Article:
There are advantages to using your Self-Directed IRA to purchase commercial real estate. First and foremost is tax-deferred growth. If you buy property outside your IRA and later sell it for a profit, those gains would be subject to federal, and perhaps state, income tax. If purchased through your Self-Directed IRA, however, the appreciation is typically tax-deferred.
Another plus is being able to add an alternative investment to your retirement portfolio to give it greater diversification. Commercial property within your Self-Directed IRA is a hard asset that you can see and understand more thoroughly than many of your financial assets, and it can be a way to add a stream of income to your IRA when it’s done correctly.
Here are some considerations to get you started:
Minimize risk by doing the research
Commercial property can be a complicated investment. So, it’s essential you perform due diligence and learn as much as you can about the property you are considering. Make sure you understand the costs that are involved, have checked out the location, and have inspected the park itself for potential big-ticket repairs.
Set up a team of professionals to direct you
There are always risks involved with any type of investment. If you aren’t careful or experienced, you run the risk of losing money. Before you buy a commercial property with your Self-Directed IRA, find a real estate agent who specializes in commercial properties. The agent should be able to recommend a reputable lender, title company, and even an attorney who is experienced in commercial properties. If possible, also seek the advice of a property manager. By surrounding yourself with professionals, you increase your chances for success substantially.
Become familiar with the rules
Even though you might have a team of professionals supporting you, you should be aware of the rules that govern real estate investments using your Self-Directed IRA.
- Neither you nor any disqualified person is allowed to use the property
- Your Self-Directed IRA is the owner of the property, so any legal documents must be vested in the name of your IRA.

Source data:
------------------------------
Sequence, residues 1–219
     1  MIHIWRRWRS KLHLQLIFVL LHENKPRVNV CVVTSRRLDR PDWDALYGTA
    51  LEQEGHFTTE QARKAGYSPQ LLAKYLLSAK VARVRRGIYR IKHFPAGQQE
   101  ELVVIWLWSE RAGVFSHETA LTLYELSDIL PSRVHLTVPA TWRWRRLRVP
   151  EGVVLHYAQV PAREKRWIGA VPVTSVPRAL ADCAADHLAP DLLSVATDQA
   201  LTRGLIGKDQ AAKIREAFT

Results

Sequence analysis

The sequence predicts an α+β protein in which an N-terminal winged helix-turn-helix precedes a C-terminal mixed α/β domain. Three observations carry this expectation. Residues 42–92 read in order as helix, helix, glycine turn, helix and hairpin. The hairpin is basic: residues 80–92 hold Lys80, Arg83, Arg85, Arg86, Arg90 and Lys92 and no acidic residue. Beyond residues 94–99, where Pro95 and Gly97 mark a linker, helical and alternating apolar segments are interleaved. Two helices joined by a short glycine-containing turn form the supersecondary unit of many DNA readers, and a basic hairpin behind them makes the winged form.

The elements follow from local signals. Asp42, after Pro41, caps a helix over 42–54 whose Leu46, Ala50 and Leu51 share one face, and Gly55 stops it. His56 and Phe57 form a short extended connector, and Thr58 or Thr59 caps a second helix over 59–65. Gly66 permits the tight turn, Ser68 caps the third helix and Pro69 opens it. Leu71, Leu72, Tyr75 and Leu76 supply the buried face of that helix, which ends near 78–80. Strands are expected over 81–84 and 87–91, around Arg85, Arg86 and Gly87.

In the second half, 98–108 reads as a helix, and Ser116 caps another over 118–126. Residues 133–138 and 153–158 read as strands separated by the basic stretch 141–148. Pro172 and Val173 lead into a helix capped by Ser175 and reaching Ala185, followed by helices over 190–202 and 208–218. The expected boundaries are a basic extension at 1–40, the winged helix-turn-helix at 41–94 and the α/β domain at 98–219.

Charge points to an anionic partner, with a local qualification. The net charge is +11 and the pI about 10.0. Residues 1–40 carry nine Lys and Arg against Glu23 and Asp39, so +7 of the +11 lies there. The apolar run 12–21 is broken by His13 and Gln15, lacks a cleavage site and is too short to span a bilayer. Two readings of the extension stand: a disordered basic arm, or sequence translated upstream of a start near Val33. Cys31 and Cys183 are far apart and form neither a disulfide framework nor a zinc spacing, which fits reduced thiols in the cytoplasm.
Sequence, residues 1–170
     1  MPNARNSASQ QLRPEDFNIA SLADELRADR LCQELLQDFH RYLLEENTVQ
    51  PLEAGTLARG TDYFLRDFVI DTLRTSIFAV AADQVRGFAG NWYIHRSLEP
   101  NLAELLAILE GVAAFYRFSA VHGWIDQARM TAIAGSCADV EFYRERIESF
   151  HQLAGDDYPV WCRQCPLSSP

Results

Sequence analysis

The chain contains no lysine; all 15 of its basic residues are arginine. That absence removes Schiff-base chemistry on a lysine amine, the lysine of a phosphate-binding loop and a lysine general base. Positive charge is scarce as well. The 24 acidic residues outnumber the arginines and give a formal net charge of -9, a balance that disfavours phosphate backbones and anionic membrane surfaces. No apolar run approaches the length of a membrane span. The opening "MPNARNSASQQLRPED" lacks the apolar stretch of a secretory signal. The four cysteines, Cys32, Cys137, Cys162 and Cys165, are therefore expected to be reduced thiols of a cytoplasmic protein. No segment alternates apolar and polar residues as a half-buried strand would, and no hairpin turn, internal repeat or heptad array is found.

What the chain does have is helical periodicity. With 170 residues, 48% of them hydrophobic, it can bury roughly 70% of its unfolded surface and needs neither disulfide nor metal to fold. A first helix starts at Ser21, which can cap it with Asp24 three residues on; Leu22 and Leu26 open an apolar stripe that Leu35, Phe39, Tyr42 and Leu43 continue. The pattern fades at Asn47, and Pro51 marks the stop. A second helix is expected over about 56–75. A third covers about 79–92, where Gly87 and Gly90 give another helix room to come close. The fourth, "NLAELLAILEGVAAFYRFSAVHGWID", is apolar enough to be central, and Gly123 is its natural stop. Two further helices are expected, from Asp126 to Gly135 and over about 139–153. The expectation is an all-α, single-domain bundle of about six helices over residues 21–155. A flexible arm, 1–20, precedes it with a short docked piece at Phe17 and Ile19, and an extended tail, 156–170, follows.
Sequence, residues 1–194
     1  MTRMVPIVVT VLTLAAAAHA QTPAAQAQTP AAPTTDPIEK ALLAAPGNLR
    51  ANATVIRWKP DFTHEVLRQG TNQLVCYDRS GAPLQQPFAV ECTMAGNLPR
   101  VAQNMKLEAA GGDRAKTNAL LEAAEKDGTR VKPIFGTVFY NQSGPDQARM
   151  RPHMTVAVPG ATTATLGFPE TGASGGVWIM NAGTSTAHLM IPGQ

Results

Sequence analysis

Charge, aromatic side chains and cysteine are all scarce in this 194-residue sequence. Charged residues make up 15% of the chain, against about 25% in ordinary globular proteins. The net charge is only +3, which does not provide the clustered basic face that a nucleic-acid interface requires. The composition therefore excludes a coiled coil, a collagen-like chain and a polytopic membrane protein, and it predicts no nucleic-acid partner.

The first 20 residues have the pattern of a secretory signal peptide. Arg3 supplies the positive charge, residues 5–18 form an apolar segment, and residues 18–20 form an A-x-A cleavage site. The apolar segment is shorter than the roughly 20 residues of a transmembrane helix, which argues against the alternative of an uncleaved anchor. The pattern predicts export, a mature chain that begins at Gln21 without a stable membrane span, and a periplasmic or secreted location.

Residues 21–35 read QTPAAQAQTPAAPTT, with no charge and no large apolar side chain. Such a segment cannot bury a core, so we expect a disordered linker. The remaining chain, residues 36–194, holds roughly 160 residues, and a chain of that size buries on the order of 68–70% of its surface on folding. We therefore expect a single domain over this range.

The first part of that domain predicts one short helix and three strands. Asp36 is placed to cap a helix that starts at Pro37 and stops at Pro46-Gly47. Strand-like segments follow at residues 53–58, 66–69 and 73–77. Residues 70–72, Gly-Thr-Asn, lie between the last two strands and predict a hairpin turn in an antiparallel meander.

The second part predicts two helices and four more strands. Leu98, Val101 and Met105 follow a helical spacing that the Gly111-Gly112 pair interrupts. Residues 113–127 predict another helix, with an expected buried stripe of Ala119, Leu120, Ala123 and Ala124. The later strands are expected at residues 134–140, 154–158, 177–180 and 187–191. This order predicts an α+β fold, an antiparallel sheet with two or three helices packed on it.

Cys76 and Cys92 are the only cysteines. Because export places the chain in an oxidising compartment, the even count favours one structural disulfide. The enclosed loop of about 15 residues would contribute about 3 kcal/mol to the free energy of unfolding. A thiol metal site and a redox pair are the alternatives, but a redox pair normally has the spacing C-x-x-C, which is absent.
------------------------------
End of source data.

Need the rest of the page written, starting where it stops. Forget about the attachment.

- You may not purchase the property from yourself or any disqualified person
- You may not manage, repair, or service the property yourself
- All investments you make with your Self-Directed IRA must be for the benefit of the IRA
- Neither you nor any disqualified person is allowed to receive current benefit from the account
Make sure your Self-Directed IRA can afford the property
Traditional investments like stocks, bonds, and mutual funds usually do not involve ongoing costs, while real estate, including commercial properties, almost always do. That’s why it’s crucial that you keep about 10 percent of the value of the property for expenses such as repairs, taxes, and emergencies.
Custodian or checkbook control?
Most banks and financial institutions do not allow their retirement clients to buy alternative assets such as real estate with their IRA. Fortunately, there are Self-Directed IRA custodians throughout the country that assist their clients in making these type of investments—commercial real estate, for instance—using their retirement funds.
When you buy real estate using your Self-Directed IRA, you typically have two options:
- A custodian controlled Self-Directed IRA
- A checkbook control Self-Directed IRA
With the former, the IRA account holder directs the IRA custodian to invest the retirement funds into traditional and alternative asset investments that could include real estate. This option is generally used when there are going to be fewer transactions, as with an investment fund or raw land.
Checkbook control comes from establishing a limited liability company (LLC) that is owned by the IRA and managed by the account holder. Using the LLC allows the IRA holder to act quickly whenever an opportunity presents itself, and it’s favored in cases where there are frequent transactions, such as with rental properties and fixer-uppers.
Are you interested in learning more about using a Self-Directed IRA to buy a commercial property?